The 30th anniversary of the film festival features art showcases, DJ sets, footwork, and karaoke
The Chicago Underground Film Festival began in 1993 with the plans of creating its own niche, presenting avant-garde and cult cinema through workshops and panels. Dubbed the longest-running underground film festival in the world, the festival spent five days hosting screenings and late-night events.
Day One: Another VU at Bottom Lounge
The film festival began with a screening of Hello Dankness at the Gene Siskel Film Center in the Loop and was followed by an afterparty at Bottom Lounge in the West Loop.
The Opening Night Party with Another VU featured a double set from the cover band, covering songs of the iconic rock band, Velvet Underground. Another VU took over the bar, which had an open dance floor and a patio that looked out to the nearby apartment buildings. Standing on the patio, you could hear another performance happening at a different part of the bar.
Lights were strung along the ceiling above the seating area and bar, and the minimal lighting added to the rustic ambiance.
When Another VU finally came out, they performed in front of bright-colored, psychedelic videos that played from a projector. Hydrosonic Light Show, a 1960s and 1970s style light show made by Tim Ramirez, produced the concert’s visuals.
Day Two: Experimental Filmmaker Karaoke at Miyagi Records
The second night’s afterparty featured a karaoke session at a record shop a few steps away from the Garfield Green Line stop.
Miyagi Records, founded in late 2019, began as a side project with the intent to grow into the shop it is today. According to its website, the shop specializes in both obscure and classic records in various genres, including soul, funk, jazz, and blues.
When you first walk into the shop, records are seen in wooden containers and on the walls. Passing the front counter is a gallery-type area situated on a balcony that overlooks a downstairs space. The downstairs space had chairs in one corner and a makeshift DJ setup where the karaoke machine was accompanied by a projector and laptop. There was also a single chair next to the opposite wall for the person singing the karaoke.
People had the choice of looking over the balcony or sitting downstairs in the makeshift seating area to watch people sing karaoke.
The experimental filmmaking aspect comes in the form of the video playing as the song plays. The words pop up on the screen in different fonts as well as different videos. For one, while someone sang “Y.M.C.A” by Village People, various videos of Donald Trump during his various campaign stops and speeches played in the background. In another instance, as another person drunkenly sang Whitney Houston’s “I Wanna Dance with Somebody,” the words appeared in bright colors and as letters from magazine clippings.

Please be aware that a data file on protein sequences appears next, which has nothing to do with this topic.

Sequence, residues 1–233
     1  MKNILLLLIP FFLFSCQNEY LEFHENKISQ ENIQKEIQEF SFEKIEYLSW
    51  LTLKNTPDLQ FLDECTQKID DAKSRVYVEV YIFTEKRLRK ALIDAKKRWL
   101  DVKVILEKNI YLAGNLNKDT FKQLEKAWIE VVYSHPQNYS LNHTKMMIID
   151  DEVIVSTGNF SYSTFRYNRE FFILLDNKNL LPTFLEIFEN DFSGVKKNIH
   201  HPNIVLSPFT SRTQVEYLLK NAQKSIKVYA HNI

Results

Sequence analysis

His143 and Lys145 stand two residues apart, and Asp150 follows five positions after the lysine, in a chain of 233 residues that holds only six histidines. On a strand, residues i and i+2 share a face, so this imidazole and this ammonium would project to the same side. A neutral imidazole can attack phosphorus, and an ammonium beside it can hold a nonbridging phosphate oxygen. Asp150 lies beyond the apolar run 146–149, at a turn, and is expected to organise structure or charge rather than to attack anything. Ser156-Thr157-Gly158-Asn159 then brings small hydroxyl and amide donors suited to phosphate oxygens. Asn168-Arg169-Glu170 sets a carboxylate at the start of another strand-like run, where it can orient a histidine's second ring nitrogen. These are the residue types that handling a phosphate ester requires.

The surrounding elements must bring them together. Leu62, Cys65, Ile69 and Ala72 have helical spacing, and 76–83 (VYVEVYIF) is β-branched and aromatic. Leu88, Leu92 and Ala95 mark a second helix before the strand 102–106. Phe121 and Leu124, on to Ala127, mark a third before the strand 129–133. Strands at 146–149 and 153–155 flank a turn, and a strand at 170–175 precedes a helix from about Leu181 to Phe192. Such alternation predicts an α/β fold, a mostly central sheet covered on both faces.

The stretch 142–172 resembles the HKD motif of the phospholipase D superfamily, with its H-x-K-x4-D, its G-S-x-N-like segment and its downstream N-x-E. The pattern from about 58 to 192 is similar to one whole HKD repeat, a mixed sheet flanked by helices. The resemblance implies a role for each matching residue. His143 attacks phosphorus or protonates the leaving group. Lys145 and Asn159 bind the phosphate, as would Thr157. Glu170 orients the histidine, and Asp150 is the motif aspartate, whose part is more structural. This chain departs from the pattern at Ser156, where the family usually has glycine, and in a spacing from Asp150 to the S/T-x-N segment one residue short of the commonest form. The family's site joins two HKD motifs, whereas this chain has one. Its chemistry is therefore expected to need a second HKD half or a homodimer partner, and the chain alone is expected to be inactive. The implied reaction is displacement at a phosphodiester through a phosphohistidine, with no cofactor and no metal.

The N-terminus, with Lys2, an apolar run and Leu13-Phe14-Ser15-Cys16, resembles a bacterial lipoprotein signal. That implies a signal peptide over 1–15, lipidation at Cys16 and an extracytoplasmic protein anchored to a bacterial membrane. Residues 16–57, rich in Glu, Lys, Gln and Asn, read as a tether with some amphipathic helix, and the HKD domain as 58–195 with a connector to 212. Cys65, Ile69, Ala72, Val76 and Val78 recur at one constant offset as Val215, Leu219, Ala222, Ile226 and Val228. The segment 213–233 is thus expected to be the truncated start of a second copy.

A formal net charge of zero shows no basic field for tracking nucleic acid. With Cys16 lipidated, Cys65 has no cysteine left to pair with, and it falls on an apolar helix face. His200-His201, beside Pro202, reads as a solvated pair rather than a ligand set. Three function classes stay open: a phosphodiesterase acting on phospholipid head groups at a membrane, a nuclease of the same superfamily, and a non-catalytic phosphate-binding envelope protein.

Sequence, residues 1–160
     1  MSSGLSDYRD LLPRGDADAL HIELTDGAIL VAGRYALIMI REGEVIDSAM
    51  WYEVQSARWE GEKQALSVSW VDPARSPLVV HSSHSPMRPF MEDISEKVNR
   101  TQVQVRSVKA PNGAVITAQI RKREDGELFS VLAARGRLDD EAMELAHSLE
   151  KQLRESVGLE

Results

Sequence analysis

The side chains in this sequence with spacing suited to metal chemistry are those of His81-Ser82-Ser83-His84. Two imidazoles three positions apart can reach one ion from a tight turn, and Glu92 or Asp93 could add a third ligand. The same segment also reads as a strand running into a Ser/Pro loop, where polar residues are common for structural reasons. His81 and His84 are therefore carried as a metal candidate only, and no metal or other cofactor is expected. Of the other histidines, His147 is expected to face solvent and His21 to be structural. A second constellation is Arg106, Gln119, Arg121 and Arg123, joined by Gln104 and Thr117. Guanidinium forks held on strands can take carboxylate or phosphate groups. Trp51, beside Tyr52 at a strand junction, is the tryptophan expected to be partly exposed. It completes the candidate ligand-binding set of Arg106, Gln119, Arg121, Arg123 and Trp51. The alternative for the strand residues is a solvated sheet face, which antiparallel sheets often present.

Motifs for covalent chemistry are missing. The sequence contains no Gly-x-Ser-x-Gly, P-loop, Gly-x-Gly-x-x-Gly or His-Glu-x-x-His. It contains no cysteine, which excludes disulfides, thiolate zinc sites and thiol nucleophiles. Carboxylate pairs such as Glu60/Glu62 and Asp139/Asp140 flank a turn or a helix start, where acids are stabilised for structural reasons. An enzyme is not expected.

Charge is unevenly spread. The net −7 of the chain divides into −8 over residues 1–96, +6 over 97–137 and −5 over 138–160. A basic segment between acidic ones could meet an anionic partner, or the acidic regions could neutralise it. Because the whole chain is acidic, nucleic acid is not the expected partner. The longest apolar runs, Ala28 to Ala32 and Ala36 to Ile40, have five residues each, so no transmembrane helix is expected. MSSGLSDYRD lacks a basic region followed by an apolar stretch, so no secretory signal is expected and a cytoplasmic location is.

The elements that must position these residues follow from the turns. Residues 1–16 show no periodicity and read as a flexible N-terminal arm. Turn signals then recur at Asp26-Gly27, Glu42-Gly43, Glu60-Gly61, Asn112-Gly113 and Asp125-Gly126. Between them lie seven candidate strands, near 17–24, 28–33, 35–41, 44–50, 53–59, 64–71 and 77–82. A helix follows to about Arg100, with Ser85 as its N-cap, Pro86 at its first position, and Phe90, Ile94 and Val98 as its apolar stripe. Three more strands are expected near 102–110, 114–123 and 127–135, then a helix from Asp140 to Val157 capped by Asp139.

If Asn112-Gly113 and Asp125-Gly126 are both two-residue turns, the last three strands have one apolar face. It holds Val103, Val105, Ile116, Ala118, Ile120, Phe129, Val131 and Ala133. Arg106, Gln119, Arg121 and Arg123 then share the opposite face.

Day Three: Celebration of Chicago Footwork and Experimental Film
The Promontory, a live music and events venue in Hyde Park, hosted an afterparty dedicated to Footwork, a dance and music style that originated in Chicago.
Three of the venue’s walls were covered with projected videos of people footworking on top of videos of the Chicago skyline and highways. As the night progressed, a circle began to form around two people who began a footwork battle. At first, it was only one-against-one until it grew into a group effort.
Day Four: Clusterf—k at the Kulture Museum
The last afterparty of the film festival doubled as an art installation with various local vendors. One of the vendors was Momma Dee’s Soul Food, a local soul food catering service that sells her seasoning. Attendants were privy to spend up to $15 for one of her plates of soul food.
Aeriz Cannabis, another vendor, provided gifts that featured a lighter, rolling papers, and a sticker. Other vendors included Tarot Readings by Heavy Rest and Tattoos by LIFESUXLOL, where folks would have the opportunity to get tattoos.
The DJ sets included CTRLZora, Josue Olivares, Yaya the Bawse, and a special performance by Chicago underground icon, Jan Terri.
This year’s Chicago Underground Film Festival, named CUFF30 for its 30th anniversary, named six films as winners of the Grand Jury Award as well as six honorable mentions. The Audience Choice Award, an award based on audience votes, went to Melomaniac — a film that features Aadam Jacobs’s taping of live rock concerts. The Made in Chicago Award was awarded to “Sit Where the Light Corrupts Your Face,” a film that explores the psychogeography of two buildings that once shared the same space.
Header by MJ White